The fact that there are several distributions gives you options. The distributions include Open Source packages; it is possible to modify, exchange one distribution for another, and upgrade at your own pace.
How do you choose a distribution? You may already have criteria for selection. In this section, we present some criteria that may be of use. We have found that companies tend to consider the amount of modification they need to make in order for a distribution to fit their needs. The amount of modification needed depends on how well the base distribution fills your needs, what device drivers it comes with, and so forth.
The Linux distributions for the mainframe all come with the unique extra functions for mainframe device drivers and communications features such as HiperSockets. You can choose between 31-bit distributions (Linux for S/390) and 64-bit distributions (Linux for zSeries). Table 9-1 lists some commercial mainframe distributions.
While other mainframe distributions may be available, those listed in Table 9-1 have been tested, not only by the suppliers but by IBM as well.
Any revision of a distribution may at any given time exploit more or less of the full Linux for S/390 or zSeries capabilities. IBM first released its new S/390 or zSeries technology patches to IBM's DeveloperWorks Web site. From there, distributors can download the code.
The distributors each have their own schedule for building new versions of Linux on the mainframe. Distributors "leap frog" each other with the software version they include. For example, Red Hat might have a newer version of glibc, but SuSE might have a newer kernel.
9.1.1 Choosing the right distribution
The price of the distribution will be part of your TCO equation. Contributing factors to the cost of a commercial Linux distribution are the charge for the support and maintenance as well as the rights to future upgrades
A goal of the Free Standards Group workgroup Linux Standard Base (LSB) is to promote compatibility among Linux distributions and thereby enable software applications to run on different Linux systems. The LSB defines a standard against which both the distribution and the middleware/application products can be certified. Ensuring compliance of any distribution (and application) you use with the LSB helps you avoid problems when you change distributions or need to move an application to run on another distribution.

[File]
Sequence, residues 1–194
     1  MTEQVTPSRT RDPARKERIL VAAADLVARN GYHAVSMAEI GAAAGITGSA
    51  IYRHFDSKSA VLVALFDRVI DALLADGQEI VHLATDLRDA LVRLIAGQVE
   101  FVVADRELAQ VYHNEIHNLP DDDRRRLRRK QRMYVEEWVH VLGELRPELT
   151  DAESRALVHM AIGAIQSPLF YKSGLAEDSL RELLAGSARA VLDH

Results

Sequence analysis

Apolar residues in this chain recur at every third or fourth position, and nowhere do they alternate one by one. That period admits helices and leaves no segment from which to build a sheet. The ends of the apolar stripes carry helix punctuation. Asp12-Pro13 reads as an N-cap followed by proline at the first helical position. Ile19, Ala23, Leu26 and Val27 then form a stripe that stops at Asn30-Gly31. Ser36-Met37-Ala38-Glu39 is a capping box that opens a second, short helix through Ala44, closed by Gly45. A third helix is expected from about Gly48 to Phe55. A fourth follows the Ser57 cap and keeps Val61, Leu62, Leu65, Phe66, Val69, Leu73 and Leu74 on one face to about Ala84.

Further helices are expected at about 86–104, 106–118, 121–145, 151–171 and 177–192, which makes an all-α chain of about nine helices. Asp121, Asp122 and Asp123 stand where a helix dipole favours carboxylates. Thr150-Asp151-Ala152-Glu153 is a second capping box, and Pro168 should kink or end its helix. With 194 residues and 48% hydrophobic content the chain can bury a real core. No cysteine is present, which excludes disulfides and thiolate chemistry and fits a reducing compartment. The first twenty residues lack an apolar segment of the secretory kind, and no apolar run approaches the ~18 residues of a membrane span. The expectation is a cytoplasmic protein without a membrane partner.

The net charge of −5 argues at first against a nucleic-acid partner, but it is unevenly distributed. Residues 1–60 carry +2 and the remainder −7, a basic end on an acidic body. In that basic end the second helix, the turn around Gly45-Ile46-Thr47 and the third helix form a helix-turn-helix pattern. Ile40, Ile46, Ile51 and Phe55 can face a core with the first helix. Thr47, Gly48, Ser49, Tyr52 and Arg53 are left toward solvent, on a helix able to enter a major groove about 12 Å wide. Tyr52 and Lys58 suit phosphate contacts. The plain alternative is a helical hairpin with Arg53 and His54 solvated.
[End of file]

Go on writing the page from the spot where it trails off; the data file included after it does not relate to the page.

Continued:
Documentation can be another important aspect of your choice of distribution. Inspect it for coverage in those areas where you have the greatest need for clear information.
9.1.2 Modifying a Linux distribution
As explained in Chapter 1, "Introducing Linux," Linux consists of numerous Open Source packages. Different distributions bundle different versions of various packages. Together with specific installation and administration tools, configuration files, documentation, and so on, this bundle of packages makes up your Linux system. At some point, you may need to make a change to your Linux distribution. You probably already have a change management policy in place for most of your other operating system images, and maybe even for Linux. This section presents a few things unique to Linux that you might want to ensure are addressed.
You might want to change your chosen distributor's basic installation in order to:
Some changes, such as installing kernel patches, may invalidate the support contract. It is important that any changes made (for example, to the kernel, to the distribution, to the middleware, to third party applications, and so forth) are acceptable under the terms of the respective maintenance and support contract. Methods of change that usually are acceptable include:
Starting with a distribution that is closest to your desired system helps you minimize changes. If you do need to make changes, the preferred method is to use the specific configuration tools of the distribution.
Change management as a discipline is discussed in 16.2, "Change management."